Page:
With Clyde Billington
Professor Clyde Billington, the new president of the Near East Archaeological Society and fellow editor of ARTIFAX magazine, joins me to discuss some of the news items from the latest issue of ARTIFAX. Our discussion includes this summer's excavation of a palace from the time of Solomon at Tel Gezer, the discovery of the cave that may have been the source of the water/wine containers present at the wedding in Cana attended by Jesus and his disciples, the results of the excavations in the priestly quarter of first century Jerusalem, and a possible gem from the Jewish High Priest's ephod.
With Todd Bolen
More looks ahead to the planned institutional excavations of 2016, what’s happening in biblical archaeology, and what has been happened in the past couple years. A number of excavations have started just in the last few years so there will continue to be a lot of work to do. And you never know what’s going to turn up.
With Clyde Billington
More discoveries reported in the latest issue of ARTIFAX magazine reviewed on this program, including the recently announced scarab of Sheshonq, the Egyptian pharaoh who raided through Judah and took all of Solomon’s gold out of the Jerusalem temple. His scarab was found in 2006 at a copper production facility in Jordan. We continue with a discussion of research at another nearby copper facility in Israel at Timna and what has been learned about the men who worked there. We discuss the oldest metal object ever found in the Middle East, an awl at Tel Tsaf, also found several years ago but just recently announced. And finally, the discovery of an ivory game board at an area of the Tel Gezer excavation that’s been dubbed “Solomon’s casino.”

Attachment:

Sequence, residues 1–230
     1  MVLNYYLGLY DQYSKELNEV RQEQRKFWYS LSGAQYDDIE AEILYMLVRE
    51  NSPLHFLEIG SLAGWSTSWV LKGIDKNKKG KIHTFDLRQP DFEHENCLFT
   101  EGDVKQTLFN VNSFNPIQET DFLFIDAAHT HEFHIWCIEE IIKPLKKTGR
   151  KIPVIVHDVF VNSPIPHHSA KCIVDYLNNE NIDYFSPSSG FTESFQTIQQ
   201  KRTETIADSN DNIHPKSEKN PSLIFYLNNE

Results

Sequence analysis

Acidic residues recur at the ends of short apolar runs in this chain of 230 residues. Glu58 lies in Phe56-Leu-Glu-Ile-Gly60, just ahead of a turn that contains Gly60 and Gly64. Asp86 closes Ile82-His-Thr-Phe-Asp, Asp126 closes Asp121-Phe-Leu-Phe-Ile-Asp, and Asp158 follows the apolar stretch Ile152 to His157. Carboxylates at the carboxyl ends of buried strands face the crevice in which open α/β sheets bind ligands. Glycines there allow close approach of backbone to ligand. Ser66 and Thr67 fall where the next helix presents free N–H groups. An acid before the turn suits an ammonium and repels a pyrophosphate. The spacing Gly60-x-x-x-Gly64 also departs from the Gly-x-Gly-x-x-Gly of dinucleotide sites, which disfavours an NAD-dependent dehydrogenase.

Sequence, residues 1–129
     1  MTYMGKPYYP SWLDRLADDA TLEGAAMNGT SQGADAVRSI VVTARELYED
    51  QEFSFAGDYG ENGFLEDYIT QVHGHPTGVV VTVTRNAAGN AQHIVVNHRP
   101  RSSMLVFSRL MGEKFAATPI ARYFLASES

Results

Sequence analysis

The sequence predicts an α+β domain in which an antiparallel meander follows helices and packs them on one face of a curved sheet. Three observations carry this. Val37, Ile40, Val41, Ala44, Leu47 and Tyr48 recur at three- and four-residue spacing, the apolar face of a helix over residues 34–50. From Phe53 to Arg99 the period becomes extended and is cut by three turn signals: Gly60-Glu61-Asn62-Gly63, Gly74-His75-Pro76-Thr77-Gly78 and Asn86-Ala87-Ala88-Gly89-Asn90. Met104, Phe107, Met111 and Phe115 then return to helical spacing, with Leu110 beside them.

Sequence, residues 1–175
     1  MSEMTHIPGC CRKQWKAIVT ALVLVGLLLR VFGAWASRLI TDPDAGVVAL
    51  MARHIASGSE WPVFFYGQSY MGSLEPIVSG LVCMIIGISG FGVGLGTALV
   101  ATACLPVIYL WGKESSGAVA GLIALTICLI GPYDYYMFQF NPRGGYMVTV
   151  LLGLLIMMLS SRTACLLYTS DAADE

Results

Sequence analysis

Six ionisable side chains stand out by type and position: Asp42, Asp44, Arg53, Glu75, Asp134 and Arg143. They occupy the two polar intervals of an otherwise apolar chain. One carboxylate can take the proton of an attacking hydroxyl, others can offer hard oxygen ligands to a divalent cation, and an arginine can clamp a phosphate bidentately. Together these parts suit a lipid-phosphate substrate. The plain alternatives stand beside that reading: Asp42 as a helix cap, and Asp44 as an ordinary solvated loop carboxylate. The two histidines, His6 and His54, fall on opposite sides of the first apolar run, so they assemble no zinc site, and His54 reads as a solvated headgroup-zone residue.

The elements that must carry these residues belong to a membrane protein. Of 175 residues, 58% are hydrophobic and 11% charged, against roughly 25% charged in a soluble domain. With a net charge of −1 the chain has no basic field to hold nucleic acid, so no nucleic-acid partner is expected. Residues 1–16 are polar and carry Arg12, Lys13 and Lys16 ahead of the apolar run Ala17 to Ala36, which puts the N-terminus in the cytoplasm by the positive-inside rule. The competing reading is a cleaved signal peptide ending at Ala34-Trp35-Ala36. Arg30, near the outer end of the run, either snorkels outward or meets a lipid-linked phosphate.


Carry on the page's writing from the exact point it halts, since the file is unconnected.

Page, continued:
With Sam Wolff
Sam Wolff, an archaeologist with the Israel Antiquities Authority, co-directs the excavations at Tel Gezer (with co-director Steve Ortiz of Southwestern Baptist Theological Seminary). He gives a status report on one of the three current excavations at Gezer, which is aimed at clarifying the dating of the Iron Age Gate. (The other two are the survey excavation in the area around Gezer, and the excavation of the Gezer water system.) Sam reports the excavations in 2013 are expected to reach the target levels.